by Bill McBride on 8/31/2005 01:11:00 AM
Wednesday, August 31, 2005
Bruce Barlett writes in the Washington Times:
Over the weekend, Federal Reserve Chairman Alan Greenspan warned housing boom speculators should be very careful. What goes up fast can come down just as fast.Bartlett then reviews many of the riskier loans available these days. He concludes:
A key underpinning of the housing price surge is the lenders' belief risks have fallen. They therefore became more willing to lend on terms they would not have extended in the past. This made available mortgages to previously unqualified borrowers and bigger mortgages to those with good credit.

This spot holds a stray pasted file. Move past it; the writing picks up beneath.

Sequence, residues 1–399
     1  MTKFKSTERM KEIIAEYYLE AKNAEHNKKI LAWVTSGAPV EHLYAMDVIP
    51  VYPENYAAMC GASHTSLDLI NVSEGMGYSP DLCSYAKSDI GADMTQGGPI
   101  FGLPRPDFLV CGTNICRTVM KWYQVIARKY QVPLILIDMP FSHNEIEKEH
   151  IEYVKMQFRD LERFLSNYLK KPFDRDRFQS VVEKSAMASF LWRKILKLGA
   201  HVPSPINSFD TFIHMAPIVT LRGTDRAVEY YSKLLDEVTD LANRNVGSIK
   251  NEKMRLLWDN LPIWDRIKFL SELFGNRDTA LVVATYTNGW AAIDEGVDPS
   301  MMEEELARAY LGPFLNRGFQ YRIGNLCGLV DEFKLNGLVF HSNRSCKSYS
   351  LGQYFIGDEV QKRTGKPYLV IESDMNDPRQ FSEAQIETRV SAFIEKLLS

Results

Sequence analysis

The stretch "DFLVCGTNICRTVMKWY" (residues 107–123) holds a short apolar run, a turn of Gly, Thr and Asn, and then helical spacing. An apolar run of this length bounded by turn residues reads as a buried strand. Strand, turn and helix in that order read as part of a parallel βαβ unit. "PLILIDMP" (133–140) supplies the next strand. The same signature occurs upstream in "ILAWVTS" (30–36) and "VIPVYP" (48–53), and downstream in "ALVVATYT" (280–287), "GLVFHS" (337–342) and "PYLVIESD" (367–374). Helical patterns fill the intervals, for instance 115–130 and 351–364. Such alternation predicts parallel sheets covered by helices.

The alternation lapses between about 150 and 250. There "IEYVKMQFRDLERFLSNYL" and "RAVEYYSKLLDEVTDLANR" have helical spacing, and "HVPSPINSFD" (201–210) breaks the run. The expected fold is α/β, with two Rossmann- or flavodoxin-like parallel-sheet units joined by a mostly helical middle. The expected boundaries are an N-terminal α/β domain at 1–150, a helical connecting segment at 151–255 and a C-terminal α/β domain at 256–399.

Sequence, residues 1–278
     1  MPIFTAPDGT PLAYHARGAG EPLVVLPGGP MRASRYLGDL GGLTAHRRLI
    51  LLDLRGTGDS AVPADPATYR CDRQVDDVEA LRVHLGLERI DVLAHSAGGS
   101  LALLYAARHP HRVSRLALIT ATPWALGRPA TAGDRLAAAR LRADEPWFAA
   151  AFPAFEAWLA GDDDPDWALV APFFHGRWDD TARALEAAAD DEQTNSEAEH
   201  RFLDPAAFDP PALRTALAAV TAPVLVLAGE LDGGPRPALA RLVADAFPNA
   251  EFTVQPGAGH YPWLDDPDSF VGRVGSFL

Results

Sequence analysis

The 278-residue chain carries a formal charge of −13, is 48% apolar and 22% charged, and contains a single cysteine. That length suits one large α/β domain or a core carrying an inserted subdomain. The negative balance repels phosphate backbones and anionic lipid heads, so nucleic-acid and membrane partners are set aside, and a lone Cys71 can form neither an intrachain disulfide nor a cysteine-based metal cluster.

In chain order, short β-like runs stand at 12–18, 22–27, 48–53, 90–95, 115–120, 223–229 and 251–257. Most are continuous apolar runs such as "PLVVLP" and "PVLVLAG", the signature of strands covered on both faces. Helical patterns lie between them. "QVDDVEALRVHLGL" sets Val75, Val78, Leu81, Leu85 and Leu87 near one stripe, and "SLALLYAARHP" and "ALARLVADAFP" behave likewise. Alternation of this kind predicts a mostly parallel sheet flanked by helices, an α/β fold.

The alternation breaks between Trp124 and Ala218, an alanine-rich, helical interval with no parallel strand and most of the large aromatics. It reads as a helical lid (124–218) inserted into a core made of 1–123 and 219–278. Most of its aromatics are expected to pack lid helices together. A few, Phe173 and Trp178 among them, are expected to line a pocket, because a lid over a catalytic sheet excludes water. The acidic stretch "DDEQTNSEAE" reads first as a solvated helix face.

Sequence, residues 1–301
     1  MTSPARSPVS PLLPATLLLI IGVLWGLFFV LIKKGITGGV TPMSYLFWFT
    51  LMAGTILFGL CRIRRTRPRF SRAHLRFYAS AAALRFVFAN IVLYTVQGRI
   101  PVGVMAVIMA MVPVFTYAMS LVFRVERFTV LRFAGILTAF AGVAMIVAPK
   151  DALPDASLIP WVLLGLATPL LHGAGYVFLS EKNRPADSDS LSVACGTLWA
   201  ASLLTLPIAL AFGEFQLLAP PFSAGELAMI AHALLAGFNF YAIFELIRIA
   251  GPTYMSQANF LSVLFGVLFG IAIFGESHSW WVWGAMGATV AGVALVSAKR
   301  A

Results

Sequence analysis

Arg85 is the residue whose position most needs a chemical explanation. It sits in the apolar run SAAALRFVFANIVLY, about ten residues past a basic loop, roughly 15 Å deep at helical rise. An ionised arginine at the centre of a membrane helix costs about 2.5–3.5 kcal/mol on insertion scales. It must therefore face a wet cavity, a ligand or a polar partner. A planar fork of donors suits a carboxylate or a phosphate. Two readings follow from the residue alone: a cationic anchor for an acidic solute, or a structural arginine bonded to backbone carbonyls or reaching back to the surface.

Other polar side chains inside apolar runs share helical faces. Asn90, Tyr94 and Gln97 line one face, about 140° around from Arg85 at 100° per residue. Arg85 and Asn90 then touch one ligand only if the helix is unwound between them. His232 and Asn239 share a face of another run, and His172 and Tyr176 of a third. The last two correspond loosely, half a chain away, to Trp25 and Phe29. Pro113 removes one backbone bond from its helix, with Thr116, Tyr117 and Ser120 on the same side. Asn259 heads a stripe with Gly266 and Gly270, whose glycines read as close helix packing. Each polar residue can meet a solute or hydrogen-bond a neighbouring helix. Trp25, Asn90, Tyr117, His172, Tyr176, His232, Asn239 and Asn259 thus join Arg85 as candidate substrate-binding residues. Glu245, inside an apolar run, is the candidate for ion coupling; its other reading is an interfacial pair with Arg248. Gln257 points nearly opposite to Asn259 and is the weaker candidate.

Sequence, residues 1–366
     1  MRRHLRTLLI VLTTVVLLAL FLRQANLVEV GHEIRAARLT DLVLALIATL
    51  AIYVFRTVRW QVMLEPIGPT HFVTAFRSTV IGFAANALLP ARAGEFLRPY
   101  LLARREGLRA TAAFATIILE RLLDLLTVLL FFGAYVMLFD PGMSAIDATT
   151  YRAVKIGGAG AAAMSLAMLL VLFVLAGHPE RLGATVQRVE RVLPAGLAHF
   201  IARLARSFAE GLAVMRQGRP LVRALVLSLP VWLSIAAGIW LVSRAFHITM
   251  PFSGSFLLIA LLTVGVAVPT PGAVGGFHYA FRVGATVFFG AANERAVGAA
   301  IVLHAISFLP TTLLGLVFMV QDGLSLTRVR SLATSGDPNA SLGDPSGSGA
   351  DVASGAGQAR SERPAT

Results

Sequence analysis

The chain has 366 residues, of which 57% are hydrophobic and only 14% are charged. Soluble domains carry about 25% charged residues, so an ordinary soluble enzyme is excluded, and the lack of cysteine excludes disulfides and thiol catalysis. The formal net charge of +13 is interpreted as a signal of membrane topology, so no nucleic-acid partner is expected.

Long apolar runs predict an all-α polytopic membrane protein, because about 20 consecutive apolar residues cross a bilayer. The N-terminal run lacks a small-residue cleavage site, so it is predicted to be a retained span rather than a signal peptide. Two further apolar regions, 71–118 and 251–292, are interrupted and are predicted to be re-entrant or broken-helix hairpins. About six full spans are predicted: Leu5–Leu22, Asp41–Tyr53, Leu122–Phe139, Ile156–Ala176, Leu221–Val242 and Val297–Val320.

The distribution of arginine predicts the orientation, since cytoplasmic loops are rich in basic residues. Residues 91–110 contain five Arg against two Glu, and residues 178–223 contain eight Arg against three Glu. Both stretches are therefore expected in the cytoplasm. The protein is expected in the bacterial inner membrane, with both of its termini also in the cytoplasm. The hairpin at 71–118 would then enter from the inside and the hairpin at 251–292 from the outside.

Though he is no alarmist, Mr. Greenspan warned Friday that if lenders should perceive greater risk, rates could rise and borrowing qualifications tighten quickly. "Newly abundant liquidity can readily disappear," he noted.I suggest reading the entire commentary.
Access to mortgages will become much more limited, people will have less money to pay for housing, and this must bring prices down. A mild downturn could thereby become a collapse, with consequences throughout the economy.
Posted by Bill McBride on 8/31/2005 01:11:00 AM